Much akin to ladies putting on makeup, sometimes it’s a good idea to put a little paint on the barn to make your displays even more appealing. While not attempting to lure in a man, you still want to bag yourself some consumers. “Facing” is a big box concept that keeps the shelves from looking bare or disjointed. Essentially, all the products are arranged at the same depth on the shelving, and the back stock behind is pulled up as items are sold. Any gaps in displays from out of stock product are filled with additional products. This should be addressed daily to keep the retail area looking its best at all times. Display areas should be well lit and items easily price tagged as well. There’s nothing more annoying than having to ask constantly how much something costs.

Once again, just like changing your hair color for a little attention, stock should have some variety as well. Rotate some products monthly to create a buzz for what hot new item might be available next month. If creating large window or dramatic displays, use items that themed together, along with some props. Even though your prop will pertain to the display, it still creates a visual interest. For example, it’s February and you’re making a Valentine’s themed display. Having a huge pink cupcake surrounded by sweet smelling colognes, shampoos, as well as all the holiday outfits and neck adornments draws interest in, because the cupcake is unexpected. Oh, and don’t forget that the interest and decoration should be addressed from all angles. You don’t want fabulous window drama that is nothing more than the backside of all products when viewed from inside.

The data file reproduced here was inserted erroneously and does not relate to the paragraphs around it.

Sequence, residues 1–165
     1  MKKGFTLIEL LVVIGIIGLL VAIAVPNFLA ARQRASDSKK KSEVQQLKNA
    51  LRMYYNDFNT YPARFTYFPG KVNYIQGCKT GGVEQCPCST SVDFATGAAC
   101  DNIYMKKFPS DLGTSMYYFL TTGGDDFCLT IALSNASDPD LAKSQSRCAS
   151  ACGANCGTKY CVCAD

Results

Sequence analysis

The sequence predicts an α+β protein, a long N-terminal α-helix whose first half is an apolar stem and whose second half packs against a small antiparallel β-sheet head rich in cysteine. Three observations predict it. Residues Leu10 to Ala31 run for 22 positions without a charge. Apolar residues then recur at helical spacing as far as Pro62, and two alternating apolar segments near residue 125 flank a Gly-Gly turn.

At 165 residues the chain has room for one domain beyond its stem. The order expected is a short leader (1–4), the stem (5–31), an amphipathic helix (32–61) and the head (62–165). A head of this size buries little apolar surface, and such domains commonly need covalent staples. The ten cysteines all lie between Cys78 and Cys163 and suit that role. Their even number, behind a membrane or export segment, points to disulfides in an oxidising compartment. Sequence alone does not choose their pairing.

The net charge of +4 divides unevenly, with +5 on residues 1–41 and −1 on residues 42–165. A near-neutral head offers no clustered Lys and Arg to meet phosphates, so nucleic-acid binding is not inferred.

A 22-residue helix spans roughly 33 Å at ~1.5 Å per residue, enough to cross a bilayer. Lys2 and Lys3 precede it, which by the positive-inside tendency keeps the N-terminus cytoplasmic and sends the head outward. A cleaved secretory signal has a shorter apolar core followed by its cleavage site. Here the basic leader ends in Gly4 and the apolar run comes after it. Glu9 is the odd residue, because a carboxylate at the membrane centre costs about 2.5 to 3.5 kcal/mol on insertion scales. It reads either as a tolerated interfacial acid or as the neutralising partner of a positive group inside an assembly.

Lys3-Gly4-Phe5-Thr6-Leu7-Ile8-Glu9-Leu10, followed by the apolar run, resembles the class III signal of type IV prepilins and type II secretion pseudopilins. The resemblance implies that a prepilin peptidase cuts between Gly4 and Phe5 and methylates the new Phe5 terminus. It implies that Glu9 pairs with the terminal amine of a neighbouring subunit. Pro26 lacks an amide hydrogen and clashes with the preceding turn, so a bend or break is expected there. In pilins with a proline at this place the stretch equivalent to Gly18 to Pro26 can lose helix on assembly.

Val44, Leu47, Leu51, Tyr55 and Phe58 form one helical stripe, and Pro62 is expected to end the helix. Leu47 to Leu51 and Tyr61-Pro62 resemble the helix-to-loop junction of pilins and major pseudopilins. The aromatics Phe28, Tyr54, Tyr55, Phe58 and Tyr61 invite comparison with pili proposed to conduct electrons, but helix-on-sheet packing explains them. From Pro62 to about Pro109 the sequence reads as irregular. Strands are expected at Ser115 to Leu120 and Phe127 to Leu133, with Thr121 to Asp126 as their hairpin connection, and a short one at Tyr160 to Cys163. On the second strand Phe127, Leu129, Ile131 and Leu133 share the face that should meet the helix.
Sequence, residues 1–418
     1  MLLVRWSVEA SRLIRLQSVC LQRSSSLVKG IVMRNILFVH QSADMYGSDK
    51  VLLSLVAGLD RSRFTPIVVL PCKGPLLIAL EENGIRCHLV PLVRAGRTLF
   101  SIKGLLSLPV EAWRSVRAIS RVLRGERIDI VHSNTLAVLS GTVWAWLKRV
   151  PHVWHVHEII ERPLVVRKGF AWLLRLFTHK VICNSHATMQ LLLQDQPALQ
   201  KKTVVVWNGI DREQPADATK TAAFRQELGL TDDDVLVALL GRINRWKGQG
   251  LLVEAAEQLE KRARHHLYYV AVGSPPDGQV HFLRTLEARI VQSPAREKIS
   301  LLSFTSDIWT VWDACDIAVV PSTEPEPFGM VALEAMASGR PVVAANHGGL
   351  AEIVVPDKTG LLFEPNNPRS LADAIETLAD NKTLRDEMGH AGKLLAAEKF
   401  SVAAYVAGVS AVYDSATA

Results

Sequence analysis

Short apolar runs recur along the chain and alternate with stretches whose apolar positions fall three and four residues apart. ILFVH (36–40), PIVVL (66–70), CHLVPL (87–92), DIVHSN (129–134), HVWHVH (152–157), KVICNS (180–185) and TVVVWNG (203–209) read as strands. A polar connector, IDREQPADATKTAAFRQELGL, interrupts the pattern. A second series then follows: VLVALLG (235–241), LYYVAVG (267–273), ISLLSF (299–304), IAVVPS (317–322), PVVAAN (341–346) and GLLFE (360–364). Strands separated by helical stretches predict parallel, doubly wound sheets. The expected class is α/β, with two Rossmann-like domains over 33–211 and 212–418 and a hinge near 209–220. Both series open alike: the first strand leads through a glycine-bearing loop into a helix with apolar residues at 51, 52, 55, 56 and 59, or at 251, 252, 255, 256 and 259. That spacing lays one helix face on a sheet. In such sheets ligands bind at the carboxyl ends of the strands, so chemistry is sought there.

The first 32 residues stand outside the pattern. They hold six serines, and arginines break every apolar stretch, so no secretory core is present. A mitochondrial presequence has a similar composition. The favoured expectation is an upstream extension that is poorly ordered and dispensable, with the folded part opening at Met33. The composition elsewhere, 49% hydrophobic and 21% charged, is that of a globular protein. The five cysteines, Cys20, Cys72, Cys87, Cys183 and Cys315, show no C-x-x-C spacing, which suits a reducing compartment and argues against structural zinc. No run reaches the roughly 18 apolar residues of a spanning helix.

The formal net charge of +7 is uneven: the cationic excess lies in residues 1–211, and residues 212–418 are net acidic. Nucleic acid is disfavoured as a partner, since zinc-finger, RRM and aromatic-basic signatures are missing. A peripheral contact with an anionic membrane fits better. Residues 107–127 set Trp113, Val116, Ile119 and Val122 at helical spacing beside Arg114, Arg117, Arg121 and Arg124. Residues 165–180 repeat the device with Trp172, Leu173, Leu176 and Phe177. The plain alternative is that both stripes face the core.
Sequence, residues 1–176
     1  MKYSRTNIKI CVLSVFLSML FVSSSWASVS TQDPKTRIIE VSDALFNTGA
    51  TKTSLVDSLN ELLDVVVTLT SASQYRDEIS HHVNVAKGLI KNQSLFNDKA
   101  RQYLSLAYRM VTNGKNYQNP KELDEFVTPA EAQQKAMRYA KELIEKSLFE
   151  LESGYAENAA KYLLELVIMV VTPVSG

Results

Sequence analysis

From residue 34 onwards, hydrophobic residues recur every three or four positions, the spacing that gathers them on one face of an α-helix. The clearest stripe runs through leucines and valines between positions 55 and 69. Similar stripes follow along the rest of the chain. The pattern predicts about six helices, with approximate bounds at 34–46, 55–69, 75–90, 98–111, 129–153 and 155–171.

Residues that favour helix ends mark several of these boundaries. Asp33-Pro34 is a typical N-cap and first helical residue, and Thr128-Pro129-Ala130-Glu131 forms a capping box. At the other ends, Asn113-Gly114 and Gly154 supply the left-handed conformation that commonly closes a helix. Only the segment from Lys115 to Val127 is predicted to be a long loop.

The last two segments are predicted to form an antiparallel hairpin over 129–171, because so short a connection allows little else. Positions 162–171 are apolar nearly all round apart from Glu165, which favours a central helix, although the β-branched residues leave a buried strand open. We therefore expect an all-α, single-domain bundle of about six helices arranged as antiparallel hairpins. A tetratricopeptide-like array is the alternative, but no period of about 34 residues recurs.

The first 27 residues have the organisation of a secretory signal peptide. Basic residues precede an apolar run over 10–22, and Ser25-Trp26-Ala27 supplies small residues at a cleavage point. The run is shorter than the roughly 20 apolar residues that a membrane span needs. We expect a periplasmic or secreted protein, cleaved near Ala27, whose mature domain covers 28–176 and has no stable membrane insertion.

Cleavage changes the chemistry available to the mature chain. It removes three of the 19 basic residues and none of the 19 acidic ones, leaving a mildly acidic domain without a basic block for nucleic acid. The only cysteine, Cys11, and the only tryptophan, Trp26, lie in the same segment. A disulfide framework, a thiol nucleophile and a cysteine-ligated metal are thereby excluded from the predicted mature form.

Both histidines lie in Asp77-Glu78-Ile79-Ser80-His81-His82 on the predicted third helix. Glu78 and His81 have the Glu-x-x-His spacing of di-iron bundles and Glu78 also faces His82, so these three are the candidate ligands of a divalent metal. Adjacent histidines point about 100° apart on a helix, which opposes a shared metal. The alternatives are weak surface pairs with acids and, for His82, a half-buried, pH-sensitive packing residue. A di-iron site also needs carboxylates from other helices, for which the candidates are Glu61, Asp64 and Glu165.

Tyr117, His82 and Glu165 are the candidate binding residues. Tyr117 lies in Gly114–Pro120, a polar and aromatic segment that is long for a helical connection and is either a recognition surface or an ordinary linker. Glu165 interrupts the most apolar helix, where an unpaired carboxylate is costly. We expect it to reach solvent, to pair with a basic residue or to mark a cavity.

The biggest thing that will set you apart from your conglomerate counterparts is YOU! Since you have a relationship with your clients over years of grooming, you know what your demographic is. The business already has an identity; find unique products that relate to that. If you’re an upscale salon, carry higher end food, treats, and bling collars. If you cater to more rural areas, carry dog hunting supplies, budget-friendly foods, and licensed products that are stereotypical with the blue collar group.